So I'm all happy and pleased as punch about the choices we've made for us and our boys. And they seem real happy too. They love animals of course and it makes sense to them.<br><br><br><br>
But I wonder how they will feel when they are older?
Well, I knew a vegan family once, and they had a daughter that was my friend. She ate vegan when she was home, and out in public she wouldn't eat meat or daity. She wouldn't pay attention to labels much.. I think your boys will do just fine <img alt="" class="inlineimg" src="/images/smilies/smiley.gif" style="border:0px solid;" title="">
I wasn't raised veg, but I had a boy in my Taekwondo class who had never had a bite of meat. He was just like any other happy, healthy, 12 year old kid <img alt="" class="inlineimg" src="/images/smilies/grin.gif" style="border:0px solid;" title="">
Depends on the kids, it seems like your kids really are interested and support your family's veg*nism, so chances are, they'll continue with it.<br><br><br><br>
I know one kid who has always been a strict vegan and totally agrees with it. On the other hand, there are the rebellious kids who were raised veg*n but will eat meat just because they want to piss off or disregard their parents.
My brother independantly became a veggie at the age of about 5. He is 26 now. Very fit. very healthy. He goes parachuting, rock climbing and long extreme bike rides in the dark. He has never (touch wood) been majourly ill. He did recently go to hospital for bike crash- but made a good recovery. I think he was anemic at one point as a kid.<br><br><br><br>
I didn't go veggie until I was about 12. (about 10 years after my brother) I guess I was a "flextarian" before that as I ate a lot of veggie food and sometimes meat. I hardly ever get ill. Also if I get a cold I seem to throw it off faster than a meateater.<br><br><br><br>
I do know someone who was brought up vegan and became an omni to spite his parents. He was a bit (understatement) of a nutter. Sounds like yours are loving it,<br><br><br><br>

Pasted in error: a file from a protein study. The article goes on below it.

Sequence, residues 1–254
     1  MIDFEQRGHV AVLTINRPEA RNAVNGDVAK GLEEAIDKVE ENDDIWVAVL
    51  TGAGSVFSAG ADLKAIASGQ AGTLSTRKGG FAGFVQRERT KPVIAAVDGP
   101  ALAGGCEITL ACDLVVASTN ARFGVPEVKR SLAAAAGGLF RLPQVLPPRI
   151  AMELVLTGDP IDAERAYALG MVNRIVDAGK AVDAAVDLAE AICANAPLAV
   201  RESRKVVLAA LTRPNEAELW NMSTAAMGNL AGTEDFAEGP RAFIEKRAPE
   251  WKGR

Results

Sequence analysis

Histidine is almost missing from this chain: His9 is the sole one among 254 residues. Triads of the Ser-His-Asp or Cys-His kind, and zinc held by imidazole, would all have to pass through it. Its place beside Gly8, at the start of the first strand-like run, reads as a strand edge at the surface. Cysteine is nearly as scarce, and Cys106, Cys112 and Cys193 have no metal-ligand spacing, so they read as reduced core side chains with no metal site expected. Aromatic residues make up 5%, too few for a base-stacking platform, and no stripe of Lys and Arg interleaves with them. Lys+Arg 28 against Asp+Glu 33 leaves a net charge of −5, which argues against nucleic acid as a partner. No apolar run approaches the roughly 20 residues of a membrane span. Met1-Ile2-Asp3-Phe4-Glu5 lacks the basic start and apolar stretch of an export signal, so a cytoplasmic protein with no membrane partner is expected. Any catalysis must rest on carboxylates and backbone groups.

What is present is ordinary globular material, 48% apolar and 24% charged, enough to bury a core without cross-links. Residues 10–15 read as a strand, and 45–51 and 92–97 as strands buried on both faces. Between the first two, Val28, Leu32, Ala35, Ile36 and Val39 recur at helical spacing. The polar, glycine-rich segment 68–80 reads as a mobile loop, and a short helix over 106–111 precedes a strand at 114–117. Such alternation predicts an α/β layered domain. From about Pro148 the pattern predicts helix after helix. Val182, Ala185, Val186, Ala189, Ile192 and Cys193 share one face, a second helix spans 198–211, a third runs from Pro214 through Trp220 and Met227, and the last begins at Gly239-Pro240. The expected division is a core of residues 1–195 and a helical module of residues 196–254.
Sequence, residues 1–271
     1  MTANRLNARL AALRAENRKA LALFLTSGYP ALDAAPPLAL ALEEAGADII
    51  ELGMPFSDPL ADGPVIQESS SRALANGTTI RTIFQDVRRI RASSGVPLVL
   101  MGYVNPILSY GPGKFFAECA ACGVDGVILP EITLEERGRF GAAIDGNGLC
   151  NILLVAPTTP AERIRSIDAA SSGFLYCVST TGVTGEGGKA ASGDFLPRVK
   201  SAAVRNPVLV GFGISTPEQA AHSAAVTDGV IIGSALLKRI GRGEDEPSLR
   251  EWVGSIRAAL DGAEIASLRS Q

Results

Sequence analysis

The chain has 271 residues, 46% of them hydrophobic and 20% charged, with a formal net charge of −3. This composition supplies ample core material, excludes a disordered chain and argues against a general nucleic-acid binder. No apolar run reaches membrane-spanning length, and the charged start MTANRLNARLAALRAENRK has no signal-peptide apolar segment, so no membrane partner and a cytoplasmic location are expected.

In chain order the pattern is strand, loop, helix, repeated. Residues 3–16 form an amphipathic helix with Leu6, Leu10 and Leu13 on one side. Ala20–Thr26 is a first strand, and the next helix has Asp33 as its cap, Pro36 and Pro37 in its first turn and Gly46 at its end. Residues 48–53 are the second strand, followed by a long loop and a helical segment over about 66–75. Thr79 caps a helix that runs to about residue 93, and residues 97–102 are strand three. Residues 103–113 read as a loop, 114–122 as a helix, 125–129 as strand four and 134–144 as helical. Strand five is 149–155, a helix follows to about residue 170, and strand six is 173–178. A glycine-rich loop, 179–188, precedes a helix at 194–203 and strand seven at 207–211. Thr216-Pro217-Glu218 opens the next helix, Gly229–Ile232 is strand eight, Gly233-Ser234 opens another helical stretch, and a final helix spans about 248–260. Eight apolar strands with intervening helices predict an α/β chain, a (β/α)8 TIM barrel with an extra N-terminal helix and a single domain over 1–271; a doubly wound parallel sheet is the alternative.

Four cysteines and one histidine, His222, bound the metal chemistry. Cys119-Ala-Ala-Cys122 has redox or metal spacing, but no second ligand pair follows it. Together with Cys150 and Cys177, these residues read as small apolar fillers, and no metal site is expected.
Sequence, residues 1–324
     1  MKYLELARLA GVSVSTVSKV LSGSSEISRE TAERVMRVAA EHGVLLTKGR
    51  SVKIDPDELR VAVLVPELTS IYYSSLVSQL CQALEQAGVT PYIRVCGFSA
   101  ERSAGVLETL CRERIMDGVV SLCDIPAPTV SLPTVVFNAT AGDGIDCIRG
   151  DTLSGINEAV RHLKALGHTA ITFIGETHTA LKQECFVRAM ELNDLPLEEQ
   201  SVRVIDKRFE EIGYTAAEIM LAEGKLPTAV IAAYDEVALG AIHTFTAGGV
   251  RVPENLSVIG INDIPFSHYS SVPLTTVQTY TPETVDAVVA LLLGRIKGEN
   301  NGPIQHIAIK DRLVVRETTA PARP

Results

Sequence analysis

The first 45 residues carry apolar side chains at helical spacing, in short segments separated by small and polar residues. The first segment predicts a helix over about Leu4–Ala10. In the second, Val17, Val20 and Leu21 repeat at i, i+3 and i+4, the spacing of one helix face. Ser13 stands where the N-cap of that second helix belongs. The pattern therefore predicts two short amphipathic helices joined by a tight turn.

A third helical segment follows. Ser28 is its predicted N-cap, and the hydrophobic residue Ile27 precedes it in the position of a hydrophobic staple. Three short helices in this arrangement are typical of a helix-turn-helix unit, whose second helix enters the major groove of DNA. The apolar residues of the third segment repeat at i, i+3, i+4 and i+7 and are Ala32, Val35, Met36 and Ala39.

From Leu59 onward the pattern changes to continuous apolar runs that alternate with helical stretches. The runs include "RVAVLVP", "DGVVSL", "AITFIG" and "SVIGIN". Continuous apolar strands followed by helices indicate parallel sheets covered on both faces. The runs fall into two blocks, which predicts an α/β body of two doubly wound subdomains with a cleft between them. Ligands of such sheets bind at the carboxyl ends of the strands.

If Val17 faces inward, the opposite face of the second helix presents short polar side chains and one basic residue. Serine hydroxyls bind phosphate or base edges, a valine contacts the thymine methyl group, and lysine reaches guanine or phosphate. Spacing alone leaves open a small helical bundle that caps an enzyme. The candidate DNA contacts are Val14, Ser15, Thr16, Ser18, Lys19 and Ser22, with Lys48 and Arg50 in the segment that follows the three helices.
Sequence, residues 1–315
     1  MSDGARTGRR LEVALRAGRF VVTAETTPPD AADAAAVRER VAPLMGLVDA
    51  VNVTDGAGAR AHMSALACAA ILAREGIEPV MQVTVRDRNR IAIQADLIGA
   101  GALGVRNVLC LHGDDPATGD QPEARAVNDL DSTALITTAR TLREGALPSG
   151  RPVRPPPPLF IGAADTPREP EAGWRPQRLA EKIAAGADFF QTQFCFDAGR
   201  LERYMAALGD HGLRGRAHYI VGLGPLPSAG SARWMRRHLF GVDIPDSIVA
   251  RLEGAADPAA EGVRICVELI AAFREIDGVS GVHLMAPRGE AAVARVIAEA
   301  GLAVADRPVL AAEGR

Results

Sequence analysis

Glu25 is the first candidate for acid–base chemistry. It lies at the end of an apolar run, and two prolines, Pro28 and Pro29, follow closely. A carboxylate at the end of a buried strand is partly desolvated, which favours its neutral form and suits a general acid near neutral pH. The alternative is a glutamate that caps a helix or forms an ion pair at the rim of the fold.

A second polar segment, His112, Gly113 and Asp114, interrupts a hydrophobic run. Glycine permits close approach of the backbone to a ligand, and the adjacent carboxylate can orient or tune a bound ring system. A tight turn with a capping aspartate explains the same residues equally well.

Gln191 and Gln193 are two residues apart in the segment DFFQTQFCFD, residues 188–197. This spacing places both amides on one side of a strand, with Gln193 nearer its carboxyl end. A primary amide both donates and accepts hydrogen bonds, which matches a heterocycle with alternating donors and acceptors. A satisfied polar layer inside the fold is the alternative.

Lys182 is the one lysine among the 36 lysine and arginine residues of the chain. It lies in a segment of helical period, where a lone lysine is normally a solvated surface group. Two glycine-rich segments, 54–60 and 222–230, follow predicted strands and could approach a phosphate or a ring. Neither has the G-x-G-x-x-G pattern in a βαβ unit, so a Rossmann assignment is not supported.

I was raised vegetarian and so was my brother. We stuck with it; neither of us really considered ever not being that way. Neither of us knew any other vegetarians (besides our parents) until we left home. Being different was often a pain, but usually just because people hadn't anticipated us not being able to eat something. But we knew why we didn't eat meat and embraced it.<br><br><br><br>
Now that I'm older (25), I still embrace my different lifestyle. But where as a kid I just knew I was inherently different and went about my way, now I think about the idealogical differences between myself and just about everyone else around me. And, I didn't become a vegetarian like most vegetarians I happen to meet. I just am. So I feel sometimes that my outlook is even a little different than those who are vegetarian, but once weren't...a little more set apart because I can't relate to the standard lifestyle on any level (past or present). Sometimes it frustrates me. But--I wouldn't have it any other way and will never change.<br><br><br><br>
Now I can't remember what the original question was. Hope this is helpful.
Wow, Squirl, that is so cool. I hope my kids feel the same way when they are grown.<br><br><br><br>
Was there ever a point in your life when you or your brother asked your parents if you could try meat? Or wanted to try it? How did your parents approach vegetarianism in general? Did they ever tell you that you couldn't eat meat when you were away from home, or did that just not come up?<br><br><br><br>
I imagine that when my kids are old enough, I will allow them to decide for themselves whether they want to be vegetarian when they are away from home. I don't want them to feel forced, and then rebell. However I also imagine that if my children realize all of the suffering that goes into the meat industry, they won't want to be a part of it.
I was raised a strict vegetarian and it just always felt normal to me. I have cousins who are also vegetarians, which helped. And there were always a few at school...<br><br>
I have never been curious about the taste of meat, but sometimes my mother tells me "this tastes like chicken" or "this tastes a lot like bacon" so I think I have an idea.<br><br>
I am happy being a veg and don't see any reason to rebel. If I did, it would break my mother's heart absolutely.
Colorful --I don't think we ever really thought about trying it. My father was the force behind the vegetarianism...he was always emphasizing respect of all life. Even bugs that wandered inside had to be taken outside in a "nice" way. He never said we couldn't eat meat...but I guess we knew that we would feel guilty if we did. My mother was vegetarian too, although on a couple of occasions we saw her cheat. I think she did it mostly for my dad and for the health reasons. Now, it's just her way of life. She never really said anything about why we ate the way we did (but we got more than enough of that from dad). Anyway, I can't really remember my parents telling me what to not eat meat away from. I think the message was so strong that there weren't any questions. And we didn't rebel...I don't know if it's because of our temperaments (bro. and me) or because the message was powerful enough to nip exploration in the bud. Maybe a little of both
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